A BehaviourWorks Australia Collaboration

The Challenge of Leading Your Best Life with Spinal Cord Injury

BehaviourWorks Australia collaborated with Austin Health, AQA, and Transport Accident Commission (TAC), to engage people living with spinal cord injury in making better decisions about their health and lifestyles. This project specifically engaged young men under 35 years of age - a cohort of people who continue to be overrepresented in acute spinal cord injury presentations.

This program of work was conducted between 2020-2023 in collaboration with BehaviourWorks Australia, AQA and Austin Health, and funded by the Victorian Transport Accident Commission (TAC).

Project overview

Healthcare practitioners and social care systems must think differently about how they support people living with spinal-cord injury to continue to lead their best lives. Young men under 35 years of age face unique challenges that make it more difficult for them to seek and engage in help, with many of these challenges revolving around social expectations of masculinity, self-identity, and stigma.

The basis of this project was to inject new ways of thinking into how to enable males under 35 with a spinal cord injury to continue to ‘lead their best life’ and thrive in the modern era. Our aim was to consider the life journey and think about how we can adapt current practices, introduce new interventions that engage and equip young men to thrive, and support the healthcare system to shift from the traditional medical model to a more social model of care.


According to Professor Andrew Nunn, Director of the Victorian Spinal Cord Service at Austin Health, approximately 100 people will sustain a spinal cord injury in Victoria per year, with approximately 35% of them being young males.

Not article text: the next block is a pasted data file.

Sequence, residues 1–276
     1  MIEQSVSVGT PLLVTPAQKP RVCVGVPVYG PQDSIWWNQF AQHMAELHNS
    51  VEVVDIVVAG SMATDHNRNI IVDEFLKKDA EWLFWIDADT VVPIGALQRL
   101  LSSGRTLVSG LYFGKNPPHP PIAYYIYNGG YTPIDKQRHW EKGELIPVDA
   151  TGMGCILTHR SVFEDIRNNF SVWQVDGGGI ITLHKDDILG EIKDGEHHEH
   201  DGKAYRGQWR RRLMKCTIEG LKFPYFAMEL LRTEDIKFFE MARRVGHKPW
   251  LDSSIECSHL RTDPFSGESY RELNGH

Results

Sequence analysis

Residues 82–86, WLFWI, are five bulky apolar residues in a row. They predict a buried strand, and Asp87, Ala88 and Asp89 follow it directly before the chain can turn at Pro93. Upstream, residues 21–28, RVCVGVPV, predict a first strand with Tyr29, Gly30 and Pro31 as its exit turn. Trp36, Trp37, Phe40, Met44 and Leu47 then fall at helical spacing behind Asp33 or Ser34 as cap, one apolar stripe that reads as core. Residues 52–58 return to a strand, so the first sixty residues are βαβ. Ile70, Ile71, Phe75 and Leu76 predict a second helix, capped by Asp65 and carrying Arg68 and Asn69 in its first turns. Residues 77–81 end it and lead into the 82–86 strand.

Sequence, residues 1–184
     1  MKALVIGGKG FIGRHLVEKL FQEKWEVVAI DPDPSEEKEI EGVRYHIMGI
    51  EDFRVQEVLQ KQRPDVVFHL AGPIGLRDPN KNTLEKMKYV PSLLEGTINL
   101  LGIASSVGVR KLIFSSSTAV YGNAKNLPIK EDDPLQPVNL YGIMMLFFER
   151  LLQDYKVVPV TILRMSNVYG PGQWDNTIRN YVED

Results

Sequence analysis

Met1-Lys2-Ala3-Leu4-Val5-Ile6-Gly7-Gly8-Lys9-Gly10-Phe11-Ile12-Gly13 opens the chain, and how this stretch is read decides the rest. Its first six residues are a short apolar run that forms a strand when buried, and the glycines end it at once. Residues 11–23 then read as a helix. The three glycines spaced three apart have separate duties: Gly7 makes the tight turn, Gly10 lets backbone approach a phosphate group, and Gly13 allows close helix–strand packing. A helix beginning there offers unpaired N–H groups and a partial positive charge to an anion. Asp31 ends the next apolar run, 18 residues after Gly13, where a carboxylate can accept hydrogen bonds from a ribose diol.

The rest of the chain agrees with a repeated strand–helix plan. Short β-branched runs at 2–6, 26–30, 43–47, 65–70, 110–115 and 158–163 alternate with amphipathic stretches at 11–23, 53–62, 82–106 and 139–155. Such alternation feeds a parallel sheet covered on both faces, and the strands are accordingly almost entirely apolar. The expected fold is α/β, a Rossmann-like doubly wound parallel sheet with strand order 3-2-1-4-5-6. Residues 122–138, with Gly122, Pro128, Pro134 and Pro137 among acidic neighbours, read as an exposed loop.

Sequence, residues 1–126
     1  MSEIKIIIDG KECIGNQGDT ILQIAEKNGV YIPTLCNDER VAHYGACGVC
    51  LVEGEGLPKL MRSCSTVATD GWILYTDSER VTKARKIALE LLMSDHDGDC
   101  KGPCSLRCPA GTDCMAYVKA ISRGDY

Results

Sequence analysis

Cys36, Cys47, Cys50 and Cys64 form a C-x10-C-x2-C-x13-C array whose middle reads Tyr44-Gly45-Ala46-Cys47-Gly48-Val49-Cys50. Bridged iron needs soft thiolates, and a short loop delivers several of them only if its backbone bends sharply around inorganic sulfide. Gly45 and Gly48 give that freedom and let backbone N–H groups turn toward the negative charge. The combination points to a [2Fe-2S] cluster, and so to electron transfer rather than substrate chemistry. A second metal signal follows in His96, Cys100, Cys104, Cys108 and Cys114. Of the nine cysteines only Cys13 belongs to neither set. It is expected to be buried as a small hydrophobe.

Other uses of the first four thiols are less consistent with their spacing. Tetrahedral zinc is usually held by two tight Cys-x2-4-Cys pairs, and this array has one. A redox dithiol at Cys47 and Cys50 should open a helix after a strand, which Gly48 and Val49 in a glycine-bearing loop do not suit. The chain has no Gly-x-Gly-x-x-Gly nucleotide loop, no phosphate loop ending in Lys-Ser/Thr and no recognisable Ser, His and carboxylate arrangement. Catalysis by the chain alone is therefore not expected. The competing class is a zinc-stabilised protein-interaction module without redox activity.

Young men under 35 years of age continue to be overrepresented in acute spinal care injury presentations. A spinal cord injury is a catastrophic, unexpected, life-changing condition that not only affects an injured person physically, but also all aspects of their life.

Though young men under 35 tend to be an overrepresented group who sustain traumatic spinal cord injuries, our health and social care systems continue to struggle to effectively engage these young men to look after their health, wellbeing and re-establish their daily routines. 

In 2020, BehaviourWorks Australia collaborated with Austin Health, AQA, and TAC to conduct exploratory research on why and how young men, in general, engage in help-seeking behaviours. From there, we were able to conduct more focused research and deep dive into the issue our health and social care systems face today: How to engage young men living with a spinal cord injury to look after their health and wellbeing to lead their best lives.

Timeline of activities

Project scope and activities

This project had three main goals to be completed over three phases of work:

  1. Explore how to best engage with males under the age of 35 years (not limited to those with a spinal cord injury). In addition, we wanted to understand how this cohort adapts to changed circumstances and manage their health and lifestyle.
  2. Use this understanding to: (i) co-design interventions that can support males under the age of 35 years with a spinal cord injury to lead their best life through the self-management of their own health and lifestyle, and (ii) prioritise an intervention within this agenda addressing a high-priority area of need for TAC
  3. Develop, implement and evaluate the prioritised interventions that aim to support men under 35 years of age living with a spinal cord injury.

What’s happening now?

We have completed the trials for the 3 interventions developed in this project and hope to continue to test these interventions in new settings for further scaling and dissemination. 

 Contact us to collaborate on the next phase of this project.

For those interested in incorporating simulation training, a key activity piloted in intervention 1, read this blog about what simulation training looks like or get in touch

Download the Final Report

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Please feel free to visit the program web page if you want to refresh your understanding of the program or access key reports (see below) before proceeding.


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